The photograph, taken in 1967, is of McCain being pulled from Truc Bach Lake in Vietnam after his plane was hit by a missile, the start of his 5 1/2 years as a POW. What I find so interesting, and so helpful, in this story is that McCain didn’t act perfectly in this situation, and he admits that he didn’t. It would be foolish of him, and of us who read about him, to condemn him because he didn’t meet an impossibly ideal standard.
His lowest moment of captivity came in the second year, after he had turned down the chance to be released early:
In August 1968, a program of severe torture began on McCain. He was subjected to rope bindings and repeated beatings every two hours, at the same time as he was suffering from dysentery. Further injuries led to the beginning of a suicide attempt, stopped by guards. Eventually, McCain made an anti-American propaganda “confession.” He has always felt that his statement was dishonorable, but as he later wrote, “I had learned what we all learned over there: Every man has his breaking point. I had reached mine.” Many American POWs were tortured and maltreated in order to extract “confessions” and propaganda statements; virtually all of them eventually yielded something to their captors. McCain subsequently received two to three beatings weekly because of his continued refusal to sign additional statements. (Wikipedia, thoroughly footnoted from reliable sources)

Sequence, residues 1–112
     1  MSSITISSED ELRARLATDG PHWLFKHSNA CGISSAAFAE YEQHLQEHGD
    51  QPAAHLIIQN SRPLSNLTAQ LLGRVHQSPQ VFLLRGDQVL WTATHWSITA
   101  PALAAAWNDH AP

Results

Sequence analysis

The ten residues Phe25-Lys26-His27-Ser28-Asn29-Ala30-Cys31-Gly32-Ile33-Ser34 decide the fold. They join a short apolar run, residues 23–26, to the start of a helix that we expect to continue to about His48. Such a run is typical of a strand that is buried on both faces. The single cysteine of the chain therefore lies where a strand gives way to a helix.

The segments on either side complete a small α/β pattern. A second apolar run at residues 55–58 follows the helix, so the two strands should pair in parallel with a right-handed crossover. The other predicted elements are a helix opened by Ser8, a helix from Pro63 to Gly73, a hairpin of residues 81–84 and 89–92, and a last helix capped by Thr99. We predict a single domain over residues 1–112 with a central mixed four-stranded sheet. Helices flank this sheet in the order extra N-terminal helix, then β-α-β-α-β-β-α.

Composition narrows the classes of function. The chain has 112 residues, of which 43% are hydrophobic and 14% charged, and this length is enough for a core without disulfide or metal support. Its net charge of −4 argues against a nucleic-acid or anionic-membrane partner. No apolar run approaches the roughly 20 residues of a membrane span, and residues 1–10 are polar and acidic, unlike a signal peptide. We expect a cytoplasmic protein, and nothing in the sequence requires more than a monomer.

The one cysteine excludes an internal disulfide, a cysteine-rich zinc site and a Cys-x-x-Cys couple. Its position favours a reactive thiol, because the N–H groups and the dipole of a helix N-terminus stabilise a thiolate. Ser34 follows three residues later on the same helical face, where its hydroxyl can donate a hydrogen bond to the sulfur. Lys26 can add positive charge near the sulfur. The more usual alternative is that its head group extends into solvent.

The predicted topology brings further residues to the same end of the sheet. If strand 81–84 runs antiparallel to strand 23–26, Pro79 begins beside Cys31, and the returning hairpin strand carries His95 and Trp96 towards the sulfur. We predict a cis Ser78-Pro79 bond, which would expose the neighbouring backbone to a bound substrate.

Did you catch that? He tried to commit suicide. He reached “his breaking point” and made some sort of “confession.” But then he refused “to sign additional statements.” It’s almost as if his failure to hold out completely strengthened his resolve and made him realize, ‘Hey, I can’t do this. I’m sliding down the slippery slope. I have to stop now.’ And he did, gutting it out until his release in 1973.
Well, a lot has happened in McCain’s life, and in the life of our country, since then. I realized as I wrote this post that there are two fascinating books that should be included in my book recommendations, one about the 2008 election in which McCain ran for President (Game Change by John Heilemann and Mark Halperin) and the other about another famous POW, Louie Zamperini (Unbroken by Laura Hillenbrand). Both books concern themselves with character, an always-perennial fascination.